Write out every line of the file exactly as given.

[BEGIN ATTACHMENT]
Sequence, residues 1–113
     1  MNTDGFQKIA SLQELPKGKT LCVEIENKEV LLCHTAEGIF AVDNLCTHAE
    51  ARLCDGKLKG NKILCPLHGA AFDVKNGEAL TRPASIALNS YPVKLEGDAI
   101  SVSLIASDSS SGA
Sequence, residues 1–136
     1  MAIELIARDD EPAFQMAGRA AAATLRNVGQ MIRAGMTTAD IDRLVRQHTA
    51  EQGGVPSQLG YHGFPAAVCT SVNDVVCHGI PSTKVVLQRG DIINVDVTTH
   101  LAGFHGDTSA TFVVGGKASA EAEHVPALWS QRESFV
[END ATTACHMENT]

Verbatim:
Sequence, residues 1–113
     1  MNTDGFQKIA SLQELPKGKT LCVEIENKEV LLCHTAEGIF AVDNLCTHAE
    51  ARLCDGKLKG NKILCPLHGA AFDVKNGEAL TRPASIALNS YPVKLEGDAI
   101  SVSLIASDSS SGA
Sequence, residues 1–136
     1  MAIELIARDD EPAFQMAGRA AAATLRNVGQ MIRAGMTTAD IDRLVRQHTA
    51  EQGGVPSQLG YHGFPAAVCT SVNDVVCHGI PSTKVVLQRG DIINVDVTTH
   101  LAGFHGDTSA TFVVGGKASA EAEHVPALWS QRESFV